A green energy project set to turn grass and silage into power for a chemical plant will be a boost to North East agriculture.
Hallwick Energy has started building a one megawatt (1MW) anaerobic digester (AD) in Consett, County Durham.
Thousands of tonnes of grass, whole crop silage and maize will be bought from farmers in the region for the plant, which will provide energy for the base of Thomas Swan & Co Ltd, a leading chemicals and nanotechnology company, which neighbours the site.
The plant, which is one of around 140 in the UK, will also be able to power some homes but is being built to offset the use of fossil fuels at the chemical plant.
The anaerobic digester will work by using microbes to break down the organic materials to transform them into a biogas which will be used to heat the chemical plant.
Though the AD machine works, just off Leadgate Road, will only need a handful of people to operate, dozens of people will be employed during the construction phase. Building is expected to be complete by the end of the year.
Ben Donaldson, national sales manager with MT-Energie UK said: “Essentially, local farmers will be growing crops which will be fed into the digestion process. It will make gas which will power a big engine and we will feed that energy into Thomas & Swan.”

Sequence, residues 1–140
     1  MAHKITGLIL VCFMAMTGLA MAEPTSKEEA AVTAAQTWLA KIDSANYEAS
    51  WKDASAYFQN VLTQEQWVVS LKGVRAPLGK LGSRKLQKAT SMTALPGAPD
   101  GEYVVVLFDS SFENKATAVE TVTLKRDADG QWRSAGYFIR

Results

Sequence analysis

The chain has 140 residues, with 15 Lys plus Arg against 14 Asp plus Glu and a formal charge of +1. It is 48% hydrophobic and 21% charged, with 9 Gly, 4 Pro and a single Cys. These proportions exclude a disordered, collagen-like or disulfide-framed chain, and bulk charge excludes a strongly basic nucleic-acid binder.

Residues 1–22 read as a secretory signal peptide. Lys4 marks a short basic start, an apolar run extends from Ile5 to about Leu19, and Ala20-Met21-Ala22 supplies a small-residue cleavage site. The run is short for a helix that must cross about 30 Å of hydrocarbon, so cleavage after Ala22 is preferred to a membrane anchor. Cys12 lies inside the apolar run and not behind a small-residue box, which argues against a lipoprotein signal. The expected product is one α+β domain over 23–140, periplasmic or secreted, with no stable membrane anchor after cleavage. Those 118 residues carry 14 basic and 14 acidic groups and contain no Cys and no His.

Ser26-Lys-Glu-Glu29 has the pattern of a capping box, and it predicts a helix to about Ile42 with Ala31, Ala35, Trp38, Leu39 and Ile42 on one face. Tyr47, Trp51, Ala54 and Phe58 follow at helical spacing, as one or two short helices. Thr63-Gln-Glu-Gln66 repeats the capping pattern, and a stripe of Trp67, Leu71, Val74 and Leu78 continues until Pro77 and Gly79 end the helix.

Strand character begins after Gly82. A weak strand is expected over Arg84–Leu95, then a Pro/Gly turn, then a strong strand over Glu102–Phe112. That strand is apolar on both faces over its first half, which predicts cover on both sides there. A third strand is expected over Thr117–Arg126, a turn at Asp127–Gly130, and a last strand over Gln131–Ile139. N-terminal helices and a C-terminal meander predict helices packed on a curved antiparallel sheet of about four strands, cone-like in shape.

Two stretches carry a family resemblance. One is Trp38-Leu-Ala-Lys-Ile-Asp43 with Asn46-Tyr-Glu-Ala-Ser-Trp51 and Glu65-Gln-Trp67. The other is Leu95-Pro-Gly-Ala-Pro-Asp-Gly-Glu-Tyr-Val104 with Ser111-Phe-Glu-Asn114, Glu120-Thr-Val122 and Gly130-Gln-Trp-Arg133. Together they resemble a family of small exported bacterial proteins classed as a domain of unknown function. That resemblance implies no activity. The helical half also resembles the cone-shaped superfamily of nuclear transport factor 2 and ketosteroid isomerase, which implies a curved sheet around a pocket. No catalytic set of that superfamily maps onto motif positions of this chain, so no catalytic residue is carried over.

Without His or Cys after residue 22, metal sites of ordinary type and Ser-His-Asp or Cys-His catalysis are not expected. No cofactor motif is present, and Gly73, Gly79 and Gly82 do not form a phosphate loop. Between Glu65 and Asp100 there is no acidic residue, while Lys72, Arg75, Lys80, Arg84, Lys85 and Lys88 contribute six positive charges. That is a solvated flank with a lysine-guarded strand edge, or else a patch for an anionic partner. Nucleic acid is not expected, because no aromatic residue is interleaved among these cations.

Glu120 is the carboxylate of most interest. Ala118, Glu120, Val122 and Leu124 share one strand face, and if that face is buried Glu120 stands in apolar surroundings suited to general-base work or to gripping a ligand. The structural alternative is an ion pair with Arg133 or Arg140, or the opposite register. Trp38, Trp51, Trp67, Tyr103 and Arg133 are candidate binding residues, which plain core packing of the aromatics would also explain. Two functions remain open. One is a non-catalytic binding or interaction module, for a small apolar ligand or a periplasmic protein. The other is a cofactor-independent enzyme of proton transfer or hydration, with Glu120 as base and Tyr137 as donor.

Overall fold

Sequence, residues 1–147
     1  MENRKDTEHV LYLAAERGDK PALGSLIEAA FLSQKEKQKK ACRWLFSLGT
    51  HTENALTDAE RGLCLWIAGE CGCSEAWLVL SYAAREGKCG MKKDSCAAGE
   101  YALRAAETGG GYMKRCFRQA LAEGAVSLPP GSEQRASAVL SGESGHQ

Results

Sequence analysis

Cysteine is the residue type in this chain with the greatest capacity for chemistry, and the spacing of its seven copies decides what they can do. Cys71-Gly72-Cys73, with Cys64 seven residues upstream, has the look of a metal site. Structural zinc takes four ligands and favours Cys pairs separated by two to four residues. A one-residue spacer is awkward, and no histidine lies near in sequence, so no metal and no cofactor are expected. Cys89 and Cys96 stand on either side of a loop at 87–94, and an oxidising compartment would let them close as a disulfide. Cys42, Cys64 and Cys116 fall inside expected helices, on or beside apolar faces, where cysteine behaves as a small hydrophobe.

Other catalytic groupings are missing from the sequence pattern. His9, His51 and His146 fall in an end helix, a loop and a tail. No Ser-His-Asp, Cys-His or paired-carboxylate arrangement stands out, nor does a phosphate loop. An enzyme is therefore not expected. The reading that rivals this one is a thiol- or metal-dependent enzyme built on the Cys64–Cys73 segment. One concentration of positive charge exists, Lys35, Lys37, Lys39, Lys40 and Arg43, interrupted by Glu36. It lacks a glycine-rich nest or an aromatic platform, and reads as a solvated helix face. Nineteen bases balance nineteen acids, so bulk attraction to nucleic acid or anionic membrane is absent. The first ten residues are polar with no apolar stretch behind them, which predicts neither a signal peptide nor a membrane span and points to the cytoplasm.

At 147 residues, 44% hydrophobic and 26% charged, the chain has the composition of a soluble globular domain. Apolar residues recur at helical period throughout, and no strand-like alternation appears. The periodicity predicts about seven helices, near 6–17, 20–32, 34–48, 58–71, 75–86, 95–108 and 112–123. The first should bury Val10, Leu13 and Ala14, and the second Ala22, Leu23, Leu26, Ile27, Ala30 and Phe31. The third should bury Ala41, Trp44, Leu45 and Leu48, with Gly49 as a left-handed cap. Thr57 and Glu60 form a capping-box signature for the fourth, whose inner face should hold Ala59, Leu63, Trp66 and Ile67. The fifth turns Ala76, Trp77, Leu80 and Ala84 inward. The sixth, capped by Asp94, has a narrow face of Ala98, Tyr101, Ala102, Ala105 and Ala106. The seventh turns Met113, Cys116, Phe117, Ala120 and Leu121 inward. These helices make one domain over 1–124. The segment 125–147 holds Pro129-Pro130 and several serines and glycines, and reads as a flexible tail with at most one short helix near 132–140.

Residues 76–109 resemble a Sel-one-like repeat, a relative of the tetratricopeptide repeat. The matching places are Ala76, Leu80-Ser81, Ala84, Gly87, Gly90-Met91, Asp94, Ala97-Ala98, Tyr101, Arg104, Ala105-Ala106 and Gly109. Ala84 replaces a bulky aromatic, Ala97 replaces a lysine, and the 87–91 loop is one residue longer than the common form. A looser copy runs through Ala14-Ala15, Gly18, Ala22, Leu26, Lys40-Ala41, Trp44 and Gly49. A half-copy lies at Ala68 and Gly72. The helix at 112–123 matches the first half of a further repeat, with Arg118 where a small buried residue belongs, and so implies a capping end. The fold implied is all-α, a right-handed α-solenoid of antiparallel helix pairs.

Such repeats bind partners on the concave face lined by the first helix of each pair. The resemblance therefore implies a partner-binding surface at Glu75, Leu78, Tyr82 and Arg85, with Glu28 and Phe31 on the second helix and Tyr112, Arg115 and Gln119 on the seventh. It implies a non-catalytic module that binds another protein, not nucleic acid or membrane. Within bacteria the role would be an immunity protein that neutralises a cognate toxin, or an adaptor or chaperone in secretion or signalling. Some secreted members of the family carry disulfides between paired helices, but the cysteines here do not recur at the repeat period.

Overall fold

He added that the site would benefit the agricultural industry of the region.
“The growing of crops will be local,” he said. “Where plants like this have been built, there has been a significant benefit to employment in the agriculture industry in the area.”
Harry Swan, managing director of Thomas Swan, said: “Thomas Swan Ltd has always been committed in the search for more sustainable energy generation and reduction of waste.
“Through this plant we will be able to integrate our existing energy needs with a clean source which will reduce the environmental impact of our activity.
“Thanks to this project we will also be less susceptible to ever rising energy prices, reducing overheads and securing our business.”